- Refining Nature in Modern Japanese Literature: The Life and Art of Shiga Naoya by Nanyan Guo
Shiga Naoya (1883–1971) seems to have posed a challenge for literary critics. Some Western critics have faulted his works according to classical criteria of characterization, plot development, and thematic coherence, while others have groped for categories such as “artlessness” or “Zen aesthetics.” Japanese critics seem to be sunk in [End Page 173] biographism, as if this master of the I-novel were a mere diarist. The frontier between autobiography and fiction is remarkably porous in Shiga, but his projection of the world of “I” has a potency beyond autobiography. Few writers have captured so well the inner landscape of the self, of everyone’s self. Writers such as Henry James, Marcel Proust, James Joyce, or Virginia Woolf may capture the intimate murmur of self-consciousness, but they process it according to an elite aesthetics. Shiga’s writings are closer to ordinary life, in all its mediocrity, messiness, and inconsequentiality, and they present it in a pellucid style that beautifies nothing yet gives dignity to daily reality by naming it as it is. The Japanese male reader must in particular feel at home with the self-scape that Shiga projects in his one full-length novel, An’ya kōro (A Dark Night’s Passing). This work may owe more to the older Japanese authors Shiga read, such as Ihara Saikaku, than to Western models. He enthused about European writers such as Henrik Ibsen, Anton Chekhov, Guy de Maupassant, Gustave Flaubert (Trois contes), and André Gide (La symphonie pastorale), and he claimed Lafcadio Hearn as the chief influence on him besides Saikaku. Unlike Tanizaki Jun’ichirō or Mishima Yukio, however, Shiga was not a great absorber of Western influences.
Refining Nature in Modern Japanese Literature does not solve the problem of finding a fertile literary-critical approach to Shiga’s writing (or, as author Nanyan Guo calls it throughout, his “literature”). Guo recounts what critics say about Shiga’s works, as well as some of Shiga’s own comments on it, which are often rather jejune, as are his comments on other writers. For instance, on a sentence from Maxim Gorky (“We wanted something to love, we had found what we wanted, and we loved it”), Shiga comments: “How simple. But it is really true.” And Guo adds: “This shows Shiga’s fondness for brevity and clarity in sentence structure” (p. 136).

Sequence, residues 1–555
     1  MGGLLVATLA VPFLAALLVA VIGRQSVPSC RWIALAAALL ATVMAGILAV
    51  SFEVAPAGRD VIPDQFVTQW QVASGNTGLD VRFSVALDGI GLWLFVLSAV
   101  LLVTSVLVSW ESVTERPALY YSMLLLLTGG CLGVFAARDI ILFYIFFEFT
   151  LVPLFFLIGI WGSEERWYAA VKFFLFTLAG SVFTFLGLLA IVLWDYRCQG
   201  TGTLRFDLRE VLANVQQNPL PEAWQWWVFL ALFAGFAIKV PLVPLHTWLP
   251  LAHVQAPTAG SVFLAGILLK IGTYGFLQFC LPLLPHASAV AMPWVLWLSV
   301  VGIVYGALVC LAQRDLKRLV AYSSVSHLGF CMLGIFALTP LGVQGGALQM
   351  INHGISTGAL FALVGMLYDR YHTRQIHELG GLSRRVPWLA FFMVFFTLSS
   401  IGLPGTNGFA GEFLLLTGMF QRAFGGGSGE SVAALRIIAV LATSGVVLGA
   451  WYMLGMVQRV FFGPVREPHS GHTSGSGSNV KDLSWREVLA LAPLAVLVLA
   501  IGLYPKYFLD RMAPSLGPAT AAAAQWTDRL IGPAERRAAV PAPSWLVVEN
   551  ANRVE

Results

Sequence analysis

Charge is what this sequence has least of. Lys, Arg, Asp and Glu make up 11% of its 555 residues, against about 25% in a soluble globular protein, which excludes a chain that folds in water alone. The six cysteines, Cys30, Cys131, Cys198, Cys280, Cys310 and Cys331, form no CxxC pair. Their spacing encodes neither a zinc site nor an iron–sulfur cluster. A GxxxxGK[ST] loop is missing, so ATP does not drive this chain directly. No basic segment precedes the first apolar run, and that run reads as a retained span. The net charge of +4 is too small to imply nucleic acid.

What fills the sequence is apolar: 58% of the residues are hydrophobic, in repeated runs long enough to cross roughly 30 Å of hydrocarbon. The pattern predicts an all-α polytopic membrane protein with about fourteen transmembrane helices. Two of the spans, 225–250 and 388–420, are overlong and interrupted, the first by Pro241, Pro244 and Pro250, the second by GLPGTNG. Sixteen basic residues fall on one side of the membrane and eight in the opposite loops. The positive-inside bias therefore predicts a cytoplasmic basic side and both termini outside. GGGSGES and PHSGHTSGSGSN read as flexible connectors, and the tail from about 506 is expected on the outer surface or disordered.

Guo focuses on Shiga as a nature writer, which is a promising path into the texture of his writing. She tackles this theme in a documentary fashion, with detailed examinations of his rapport with the moon, the sun, plants, and living creatures. We learn, for example, that 30 kinds of plants are mentioned in An’ya kōro, as contrasted with 77 in Kojiki, 85 in Nihon shoki, 160 in Man’yōshū, and 116 in Genji monogatari. What Shiga called the “original sin” in his background (quoted on p. 63), mirrored in the murky circumstances of the protagonist’s birth in his novel, ironically concerned a poisoning of nature: his father was connected with the ninety years of pollution caused by the Ashio Copper Mine. This fact cuts athwart the healing, maternal role that nature played at many points in Shiga’s life and writings.
The biographical approach takes Guo to great lengths of Sherlock Holmes-style investigation, notably in her reconstruction of when and where exactly the climactic Encounter with Nature in Shiga’s novel took place. On the basis of repeated visits to Mt. Daisen, she verifies that at the moment of the day when Shiga stood there, the shadow of the mountain did not in fact reach to the bay, contrary to what the novel recounts. There have been similar investigations of the real origin of famous poems such as William Wordsworth’s “Tintern Abbey” or Percy Bysshe Shelley’s “To a Skylark,” usually to bolster some literary-critical point. The point in...